Attorney Fees Explained

| August 20, 2012

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One of the considerations to keep in mind when selecting an attorney is how the lawyer will be paid. Read through this information about the types of fees that attorneys may charge and don’t forget to use DexKnows’ attorney listings for your search.

Hourly fees

Lawyers with a set hourly rate charge you for each hour (or part of an hour) that the lawyer works on the case. This method, as the American Bar Association says on its blog, is the most common billing method used by lawyers.

There are trade-offs. The bar association states that more experienced attorneys charge more but may take less time to do the same work. Lawyers may also have different hourly fees for different services. For example, they could have one fee for doing legal research and another for appearing in court, the website FindLaw.com says. Ask the attorney for an estimate of what you may end up paying.

Flat fee

A flat fee, or fixed fee, is a set fee that an attorney charges. This is more commonly charged when lawyers offer a routine service like preparing a will or representing you in a simple bankruptcy case or uncontested divorce, according to the Denver Bar Association.

Contingency fees

A contingency fee, as described by the Florida Bar Association, is called for when you and a lawyer agree that the lawyer will only be paid if you win your case. This type of fee, used in cases such as personal injury, collections and auto damages, may be fixed at a specific percentage of the money received if the case is won. FindLaw says that while fee percentages vary, it’s common to charge one-third of the money recovered.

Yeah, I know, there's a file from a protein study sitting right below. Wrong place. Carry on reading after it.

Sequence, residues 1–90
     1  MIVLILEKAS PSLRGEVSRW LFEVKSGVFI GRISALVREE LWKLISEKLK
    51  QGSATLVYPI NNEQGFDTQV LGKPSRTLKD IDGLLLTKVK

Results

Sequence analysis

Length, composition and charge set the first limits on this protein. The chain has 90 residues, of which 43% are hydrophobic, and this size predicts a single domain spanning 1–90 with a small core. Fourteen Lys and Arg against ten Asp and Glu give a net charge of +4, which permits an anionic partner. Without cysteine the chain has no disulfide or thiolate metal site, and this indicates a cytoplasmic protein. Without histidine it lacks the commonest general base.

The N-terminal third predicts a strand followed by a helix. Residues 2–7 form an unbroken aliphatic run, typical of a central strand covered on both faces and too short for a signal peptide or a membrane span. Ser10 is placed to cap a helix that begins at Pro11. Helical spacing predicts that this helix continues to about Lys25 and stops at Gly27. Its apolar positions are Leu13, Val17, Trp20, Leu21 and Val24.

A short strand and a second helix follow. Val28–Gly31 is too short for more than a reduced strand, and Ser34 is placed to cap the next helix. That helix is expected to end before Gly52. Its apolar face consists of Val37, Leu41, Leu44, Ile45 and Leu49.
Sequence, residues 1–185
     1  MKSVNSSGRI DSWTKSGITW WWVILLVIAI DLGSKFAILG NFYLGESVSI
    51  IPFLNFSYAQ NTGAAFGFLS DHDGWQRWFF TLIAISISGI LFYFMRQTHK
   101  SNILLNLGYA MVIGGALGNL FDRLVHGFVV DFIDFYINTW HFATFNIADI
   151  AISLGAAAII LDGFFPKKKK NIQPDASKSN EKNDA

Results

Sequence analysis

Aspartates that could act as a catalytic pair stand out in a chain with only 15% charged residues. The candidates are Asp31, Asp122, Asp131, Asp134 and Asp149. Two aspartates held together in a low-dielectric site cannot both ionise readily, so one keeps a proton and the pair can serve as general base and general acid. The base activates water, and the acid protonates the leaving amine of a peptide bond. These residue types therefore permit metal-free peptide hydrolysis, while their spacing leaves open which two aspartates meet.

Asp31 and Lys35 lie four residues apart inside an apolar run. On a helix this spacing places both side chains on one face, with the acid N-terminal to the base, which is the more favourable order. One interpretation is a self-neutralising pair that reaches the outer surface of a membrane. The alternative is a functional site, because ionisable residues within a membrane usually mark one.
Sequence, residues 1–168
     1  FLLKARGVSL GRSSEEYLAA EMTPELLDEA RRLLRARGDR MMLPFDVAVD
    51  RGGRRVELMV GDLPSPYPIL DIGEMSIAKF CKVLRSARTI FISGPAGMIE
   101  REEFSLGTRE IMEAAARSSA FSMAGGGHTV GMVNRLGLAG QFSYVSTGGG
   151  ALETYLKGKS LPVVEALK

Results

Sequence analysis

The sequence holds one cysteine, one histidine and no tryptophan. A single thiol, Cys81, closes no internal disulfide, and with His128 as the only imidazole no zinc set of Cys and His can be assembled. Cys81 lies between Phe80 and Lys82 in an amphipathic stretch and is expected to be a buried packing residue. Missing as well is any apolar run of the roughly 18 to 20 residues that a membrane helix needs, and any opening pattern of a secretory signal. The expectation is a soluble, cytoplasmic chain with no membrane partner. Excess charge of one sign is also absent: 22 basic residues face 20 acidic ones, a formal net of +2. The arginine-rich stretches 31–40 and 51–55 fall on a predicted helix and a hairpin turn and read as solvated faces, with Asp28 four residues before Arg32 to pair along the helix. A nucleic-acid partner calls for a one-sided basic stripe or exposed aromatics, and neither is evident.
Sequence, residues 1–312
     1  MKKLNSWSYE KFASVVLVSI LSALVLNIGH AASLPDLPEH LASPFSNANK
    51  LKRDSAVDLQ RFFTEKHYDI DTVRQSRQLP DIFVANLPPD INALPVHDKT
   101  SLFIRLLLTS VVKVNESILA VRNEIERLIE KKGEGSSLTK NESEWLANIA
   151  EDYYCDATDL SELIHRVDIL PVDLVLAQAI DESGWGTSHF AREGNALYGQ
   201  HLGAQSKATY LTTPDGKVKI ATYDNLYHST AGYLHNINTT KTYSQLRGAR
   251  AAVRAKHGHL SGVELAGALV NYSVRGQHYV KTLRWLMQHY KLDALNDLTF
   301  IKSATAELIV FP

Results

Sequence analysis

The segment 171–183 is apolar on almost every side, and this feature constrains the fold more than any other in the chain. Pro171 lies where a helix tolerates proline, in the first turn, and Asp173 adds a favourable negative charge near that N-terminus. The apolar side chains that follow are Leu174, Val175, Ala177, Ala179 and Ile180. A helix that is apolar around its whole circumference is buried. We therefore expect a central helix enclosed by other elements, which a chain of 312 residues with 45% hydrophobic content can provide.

Losing the case means your attorney won’t be paid for any work done, but the American Bar Association states that you will likely still have to pay some fees, including court filing fees and any fees related to deposing witnesses.

Retainer fee

A retainer fee, FindLaw states, is like a down payment. The lawyer charges a set fee, perhaps the average fee charged in your kind of case, and deducts the cost of services from that fee. When the retainer falls below a certain level, the lawyer may ask for more money. Also, a retainer fee may be non-refundable, cautions FindLaw.

A retainer is also used to have a lawyer “on call” to handle your legal problems over a period of time. FindLaw suggests asking for clarification about what your retainer fee would cover.

In general, make sure you understand how your lawyer will be paid. Ask whether there’s a charge for an initial consultation and how much the attorney has charged for similar cases. The American Bar Association suggests asking not only what charges are included in the fee but what other charges may arise. The Florida Bar Association offers examples, including filing fees, sheriff fees and payments made to court reporters. Other questions include whether you can pay your bill in installments and when it will be due.

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Category: Attorneys, Professional, Services

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Central Ohio journalist with 15 years experience at daily newspapers. Freelance writer and amateur photographer. Storytellers are my heroes, poets my idols and photographers my looking glass.